Beyond Light: Infrared PhotographyApril 5 – June 7, 1987
IInfrared light exists outside of human vision. On either side of the visible light spectrum lie areas of radiation, the wavelengths of which are either too short or too long for the human eye to detect. Infrared ('below the red') energy occupies a range of frequencies beginning immediately after the visible red wavelength in the electromagnetic spectrum. At the turn of this century, methods were discovered that enabled researchers to record the visual potential of this energy, providing scientists with an understanding of previously unknown characteristics of natural phenomena. In skillful and committed artistic hands, the elusive quality of photographs taken with infrared-sensitive film carries us beyond visible light, and in so doing, beyond the level of our accustomed perceptions.
The six artists in Beyond Light have each explored the medium for several years and the majority use or prefer infrared film exclusively for their black and white photographic work. Their strong attraction to this film has been kindled by the fluid and trusting relationship that photographers have slowly developed between control and chance.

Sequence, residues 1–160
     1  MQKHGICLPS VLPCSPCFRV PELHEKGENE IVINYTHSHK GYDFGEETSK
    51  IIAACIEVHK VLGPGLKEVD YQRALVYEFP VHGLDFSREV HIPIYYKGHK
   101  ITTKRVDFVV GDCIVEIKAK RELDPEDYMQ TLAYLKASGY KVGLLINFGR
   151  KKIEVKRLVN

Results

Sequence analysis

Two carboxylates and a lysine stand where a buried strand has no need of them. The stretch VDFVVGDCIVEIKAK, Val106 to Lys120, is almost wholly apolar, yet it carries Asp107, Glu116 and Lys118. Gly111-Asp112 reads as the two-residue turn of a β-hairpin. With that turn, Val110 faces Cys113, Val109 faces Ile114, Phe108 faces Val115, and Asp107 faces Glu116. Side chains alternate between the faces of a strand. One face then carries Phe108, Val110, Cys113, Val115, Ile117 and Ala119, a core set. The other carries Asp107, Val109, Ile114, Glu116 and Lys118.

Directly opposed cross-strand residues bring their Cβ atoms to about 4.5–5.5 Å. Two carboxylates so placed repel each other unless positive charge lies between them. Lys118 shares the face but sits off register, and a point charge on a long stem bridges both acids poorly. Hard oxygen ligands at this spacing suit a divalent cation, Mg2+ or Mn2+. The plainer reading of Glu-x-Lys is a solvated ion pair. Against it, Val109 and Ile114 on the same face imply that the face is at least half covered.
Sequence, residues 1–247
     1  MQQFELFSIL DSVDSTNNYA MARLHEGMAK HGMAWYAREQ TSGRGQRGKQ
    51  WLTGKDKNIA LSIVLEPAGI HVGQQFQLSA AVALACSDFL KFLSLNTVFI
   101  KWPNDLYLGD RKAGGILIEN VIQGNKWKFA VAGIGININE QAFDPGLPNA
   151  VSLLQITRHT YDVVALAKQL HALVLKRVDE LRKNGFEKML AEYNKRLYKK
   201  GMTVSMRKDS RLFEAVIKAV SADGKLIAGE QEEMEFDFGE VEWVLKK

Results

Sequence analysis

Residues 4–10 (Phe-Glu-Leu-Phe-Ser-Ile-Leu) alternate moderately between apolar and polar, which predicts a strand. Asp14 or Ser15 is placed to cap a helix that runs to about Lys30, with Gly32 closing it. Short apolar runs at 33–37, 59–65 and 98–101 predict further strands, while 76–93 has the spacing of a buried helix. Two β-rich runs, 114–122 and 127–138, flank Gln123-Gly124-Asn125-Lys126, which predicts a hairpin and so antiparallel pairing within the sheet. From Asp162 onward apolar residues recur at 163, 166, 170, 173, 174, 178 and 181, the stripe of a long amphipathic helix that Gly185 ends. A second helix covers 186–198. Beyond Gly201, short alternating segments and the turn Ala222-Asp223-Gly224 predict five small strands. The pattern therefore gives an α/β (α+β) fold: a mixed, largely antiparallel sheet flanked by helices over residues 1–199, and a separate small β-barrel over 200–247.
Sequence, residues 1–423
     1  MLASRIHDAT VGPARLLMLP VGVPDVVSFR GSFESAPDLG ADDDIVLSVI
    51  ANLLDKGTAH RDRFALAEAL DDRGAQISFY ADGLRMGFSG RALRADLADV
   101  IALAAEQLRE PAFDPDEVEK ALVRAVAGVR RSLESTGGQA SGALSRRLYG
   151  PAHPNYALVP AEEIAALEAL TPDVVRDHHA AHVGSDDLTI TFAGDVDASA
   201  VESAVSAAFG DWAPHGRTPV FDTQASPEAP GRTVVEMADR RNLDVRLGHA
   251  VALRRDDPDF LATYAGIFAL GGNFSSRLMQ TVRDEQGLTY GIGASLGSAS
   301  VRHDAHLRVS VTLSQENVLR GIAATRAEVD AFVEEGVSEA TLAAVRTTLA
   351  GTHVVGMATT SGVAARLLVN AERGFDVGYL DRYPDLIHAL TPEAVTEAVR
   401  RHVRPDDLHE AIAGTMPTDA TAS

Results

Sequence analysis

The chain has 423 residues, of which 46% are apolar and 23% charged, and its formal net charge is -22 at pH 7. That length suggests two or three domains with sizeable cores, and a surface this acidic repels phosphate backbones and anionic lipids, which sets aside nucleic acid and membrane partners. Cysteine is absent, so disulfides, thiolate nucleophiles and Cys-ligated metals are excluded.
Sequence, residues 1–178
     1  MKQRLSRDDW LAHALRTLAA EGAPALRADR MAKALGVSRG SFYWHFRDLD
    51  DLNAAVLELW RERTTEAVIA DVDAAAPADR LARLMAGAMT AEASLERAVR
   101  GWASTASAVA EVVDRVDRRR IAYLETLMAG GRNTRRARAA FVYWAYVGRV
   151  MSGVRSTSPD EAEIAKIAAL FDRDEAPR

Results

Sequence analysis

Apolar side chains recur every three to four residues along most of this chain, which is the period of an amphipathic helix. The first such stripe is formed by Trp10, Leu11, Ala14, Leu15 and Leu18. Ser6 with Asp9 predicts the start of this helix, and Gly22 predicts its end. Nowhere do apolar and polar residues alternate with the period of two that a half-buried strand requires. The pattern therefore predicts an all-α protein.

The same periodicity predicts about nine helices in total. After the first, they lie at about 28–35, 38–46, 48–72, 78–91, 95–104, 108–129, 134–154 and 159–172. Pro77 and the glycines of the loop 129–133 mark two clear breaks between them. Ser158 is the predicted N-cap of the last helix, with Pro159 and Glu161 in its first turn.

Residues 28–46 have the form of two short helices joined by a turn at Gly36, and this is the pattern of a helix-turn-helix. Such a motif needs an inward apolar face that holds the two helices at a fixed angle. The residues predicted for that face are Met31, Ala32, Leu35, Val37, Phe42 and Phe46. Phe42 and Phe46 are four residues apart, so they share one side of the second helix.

Between 1965 and 1976 photographer Minor White taught at the Massachusetts Institute of Technology in Cambridge. While there, he instituted a department of photography as well as the now defunct Creative Photography Laboratory. Co-founder and editor of Aperture, White fostered the concept that the art of photography could serve as a personal symbolic statement. His influence as an artists and teacher has been widely felt in the New England area. Motivated by different intentions, Edward Steichen, Weegee, and White explore the dramatic effects of infrared film in their work of the 1940s and 1950s. The artists in Beyond Light imbue their subject matter with the medium's subtle qualities which can quietly alter our perception of the familiar. Represented by a group of thematically-related prints, the individual artists enhance their distinctive views of architectural, figurative or landscape subjects through their idiosyncratic handling of the medium. Jane Axelrod, Elizabeth Dupuy, Sharon Fox, and Jane Tuckerman photograph the figure within various contexts; Peter Laytin's imagery includes ancient or aged architectural structures; and Stephen Petegorsky captures patterns of botanical forms and landscape scenes.